MANILA, Philippines - Sin tax rates have remained at “super-unrealistic” levels since 1996 as previous congresses failed to make adjustments, Speaker Feliciano Belmonte Jr. said yesterday.
“The values have been pegged in 1996, and that’s super-unrealistic. These things have been here for 17 years and they were not changed. It’s time we did something about it,” Belmonte told reporters.
Belmonte was responding to criticism of the House version of the bill seeking higher taxes on the so-called sin products like cigarettes and liquor.
Resigned Senate ways and means committee chairman Ralph Recto described the House-approved bill as the “Purisima-San Miguel” version, referring to Finance Secretary Cesar Purisima and beer maker San Miguel Corp.
Recto said the congressmen’s bill, which would bring in P31 billion in additional revenues, was “soft” on beer and “harsh” on tobacco. His version, which critics called the “Recto-Morris” bill referring to cigarette maker Philip Morris, targeted P15 billion in incremental tax take.
Belmonte took pride in his chamber’s approval of the proposal on higher sin taxes.
“It never moved through all of these years simply because the House never approved it, the ways and means committee in the House never approved it,” he said.
He said the Senate did not get to discuss the bill through three administrations “since it has to emanate from the House.”
But because congressmen approved the measure and sent it to the Senate in July, senators are now considering it and the “whole country knows what it’s all about,” he said.
“I think we did something there, something which couldn’t be done for all of these years. We got the issue of sin taxes out of the House and into the scrutiny of the Senate and the public,” he stressed.
The fact that sin taxes have not been adjusted since 1996 is also one of the strongest arguments of proponents of higher cigarette and liquor taxes.
The proponents said previous Congresses have given cigarette and liquor makers 16-17 years to rake in tens of billions of pesos in profits and deprived the government of billions in potential tax income.
Unlike President Aquino, they said previous administrations did not work hard to update sin taxes.
Responding to criticism that the House version was soft on beer producers, Belmonte said, “They are saying that we were easy on the liquor industry. Yeah, but they can compensate for it there. They could have increased the rates, if they wanted to.”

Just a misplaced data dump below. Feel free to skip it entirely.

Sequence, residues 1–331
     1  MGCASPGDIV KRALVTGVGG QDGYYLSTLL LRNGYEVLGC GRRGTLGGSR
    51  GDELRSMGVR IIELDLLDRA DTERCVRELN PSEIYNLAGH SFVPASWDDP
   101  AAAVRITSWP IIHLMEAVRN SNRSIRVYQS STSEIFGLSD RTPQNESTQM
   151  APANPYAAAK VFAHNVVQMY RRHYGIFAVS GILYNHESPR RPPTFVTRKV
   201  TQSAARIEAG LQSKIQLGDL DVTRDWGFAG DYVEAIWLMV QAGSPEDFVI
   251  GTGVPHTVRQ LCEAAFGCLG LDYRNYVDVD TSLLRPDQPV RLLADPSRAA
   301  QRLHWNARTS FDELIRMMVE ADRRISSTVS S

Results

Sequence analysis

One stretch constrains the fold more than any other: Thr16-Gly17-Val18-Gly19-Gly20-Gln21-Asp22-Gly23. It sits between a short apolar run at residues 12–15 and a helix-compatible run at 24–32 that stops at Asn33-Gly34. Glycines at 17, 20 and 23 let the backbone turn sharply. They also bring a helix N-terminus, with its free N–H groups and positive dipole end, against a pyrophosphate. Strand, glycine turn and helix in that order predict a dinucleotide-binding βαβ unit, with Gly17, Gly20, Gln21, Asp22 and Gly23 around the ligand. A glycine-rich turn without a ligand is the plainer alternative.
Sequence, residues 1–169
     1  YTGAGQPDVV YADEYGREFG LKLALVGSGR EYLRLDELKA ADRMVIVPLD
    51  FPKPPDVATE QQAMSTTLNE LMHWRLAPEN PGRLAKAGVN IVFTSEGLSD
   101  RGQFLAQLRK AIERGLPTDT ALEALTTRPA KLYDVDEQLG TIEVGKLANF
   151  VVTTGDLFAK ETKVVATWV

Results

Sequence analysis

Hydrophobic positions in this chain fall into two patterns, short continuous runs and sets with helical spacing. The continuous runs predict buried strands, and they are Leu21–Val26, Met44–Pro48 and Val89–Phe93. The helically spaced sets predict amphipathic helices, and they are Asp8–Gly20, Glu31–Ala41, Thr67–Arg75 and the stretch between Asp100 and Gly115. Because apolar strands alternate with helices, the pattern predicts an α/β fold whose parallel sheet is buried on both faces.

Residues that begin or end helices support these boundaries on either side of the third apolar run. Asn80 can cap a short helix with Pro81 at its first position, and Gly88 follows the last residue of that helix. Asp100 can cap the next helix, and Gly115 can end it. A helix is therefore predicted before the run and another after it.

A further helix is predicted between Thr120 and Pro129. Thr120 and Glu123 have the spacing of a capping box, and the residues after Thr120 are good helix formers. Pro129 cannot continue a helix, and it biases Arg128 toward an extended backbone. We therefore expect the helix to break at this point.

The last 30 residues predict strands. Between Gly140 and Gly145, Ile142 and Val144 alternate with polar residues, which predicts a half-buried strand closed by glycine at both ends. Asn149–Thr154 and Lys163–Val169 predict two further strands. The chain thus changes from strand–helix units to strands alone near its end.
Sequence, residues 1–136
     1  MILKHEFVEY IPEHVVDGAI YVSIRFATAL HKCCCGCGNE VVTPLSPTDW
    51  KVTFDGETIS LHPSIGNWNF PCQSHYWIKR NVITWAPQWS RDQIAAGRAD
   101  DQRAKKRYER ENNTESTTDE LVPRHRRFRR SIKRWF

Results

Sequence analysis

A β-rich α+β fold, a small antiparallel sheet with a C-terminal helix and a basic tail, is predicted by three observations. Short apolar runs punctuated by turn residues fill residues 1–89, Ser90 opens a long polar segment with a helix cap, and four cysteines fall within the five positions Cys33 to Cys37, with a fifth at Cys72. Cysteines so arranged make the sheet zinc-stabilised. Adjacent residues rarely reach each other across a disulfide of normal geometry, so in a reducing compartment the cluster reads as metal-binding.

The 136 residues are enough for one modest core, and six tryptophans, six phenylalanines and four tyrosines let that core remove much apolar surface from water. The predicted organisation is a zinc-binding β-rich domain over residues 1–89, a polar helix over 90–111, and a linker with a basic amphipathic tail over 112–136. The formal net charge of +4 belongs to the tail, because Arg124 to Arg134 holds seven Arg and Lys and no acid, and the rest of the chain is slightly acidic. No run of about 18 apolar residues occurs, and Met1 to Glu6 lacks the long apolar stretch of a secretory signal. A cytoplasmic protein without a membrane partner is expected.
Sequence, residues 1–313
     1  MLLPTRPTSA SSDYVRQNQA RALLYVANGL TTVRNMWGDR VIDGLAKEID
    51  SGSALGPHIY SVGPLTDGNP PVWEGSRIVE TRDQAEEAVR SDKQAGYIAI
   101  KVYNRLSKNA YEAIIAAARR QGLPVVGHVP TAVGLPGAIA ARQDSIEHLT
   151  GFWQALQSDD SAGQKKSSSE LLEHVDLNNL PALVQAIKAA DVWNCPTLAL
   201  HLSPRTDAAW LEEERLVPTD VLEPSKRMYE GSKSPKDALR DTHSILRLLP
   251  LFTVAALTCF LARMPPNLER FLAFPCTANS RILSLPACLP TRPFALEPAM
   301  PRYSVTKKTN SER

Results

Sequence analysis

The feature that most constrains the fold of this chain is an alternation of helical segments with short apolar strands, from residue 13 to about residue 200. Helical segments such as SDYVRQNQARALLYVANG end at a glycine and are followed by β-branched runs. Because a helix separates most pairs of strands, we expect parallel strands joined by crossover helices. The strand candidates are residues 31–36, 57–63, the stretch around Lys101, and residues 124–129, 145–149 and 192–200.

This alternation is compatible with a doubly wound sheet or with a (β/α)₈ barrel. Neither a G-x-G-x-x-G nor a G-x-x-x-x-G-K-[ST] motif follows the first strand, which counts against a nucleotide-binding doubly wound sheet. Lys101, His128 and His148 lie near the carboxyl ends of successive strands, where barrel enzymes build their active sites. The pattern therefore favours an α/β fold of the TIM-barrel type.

He said the House version was not the “final word because the whole bill is open to scrutiny by the Senate.”
He said if senators approve a different version, “at that point, the two of us will meet together and come up with the final version.”
The Senate and the House are still aiming to approve the bill on higher sin taxes before they go on their Christmas break in mid-December. As drafted, the measure is to take effect in January.
Malacañang is now reportedly amenable to an incremental revenue goal of P40 billion, down from P60 billion.
The revised goal is P10 billion more than the House target, and P25 billion more than Recto’s additional revenue projection.
Contrary to Recto’s insinuations, it was officials of the Department of Finance (DOF) and not the House of Representatives who were pushing for lower taxes on alcohol products, transcripts of a hearing of the House committee on ways and means showed.
During the May 9 hearing of the panel, DOF Undersecretary Jeremias Paul made a power point presentation that proposed a tax take of P26.8 billion from tobacco products and only P4.48 billion for alcohol and liquor products for a total projected revenue of P31.28 billion in the proposed sin tax reform bill or House Bill 5727.
The transcripts of the proceedings contradicted the statement of Purisima that his department was not the one responsible for the lower taxes on alcohol products, particularly beer.
It was on the basis of the DOF official’s presentation before the ways and means committee that the panel voted for the passage of HB 5727.
Transcripts of the May 9 proceedings also contradicted claims of Bureau of Internal Revenue (BIR) Commissioner Kim Henares that that it was the “House of Representatives which made amendments to the version advocated by the Executive.”
Under an amended HB 5727, the incremental revenue expected from alcohol products was reduced 85.06 percent while incremental revenue from tobacco products was shaved by only 10 percent, resulting in an 85-15 percent sharing of the tax burden between the two industries.
The approval of the amended HB 5727 last May 9 was opposed by some lawmakers, citing that the agenda for that day explicitly stated that deliberations would focus on “Alcohol Excise Tax Only.”
Even provisions pertaining to excise tax on tobacco products were approved, despite objections raised.
The committee rules provide for a “five-day Notice Requirement” for discussion on new measures. The amended HB 5727 was only presented by the DOF during the May 9 hearing. No advance copies were provided to the members of the panel. – With Paolo Romero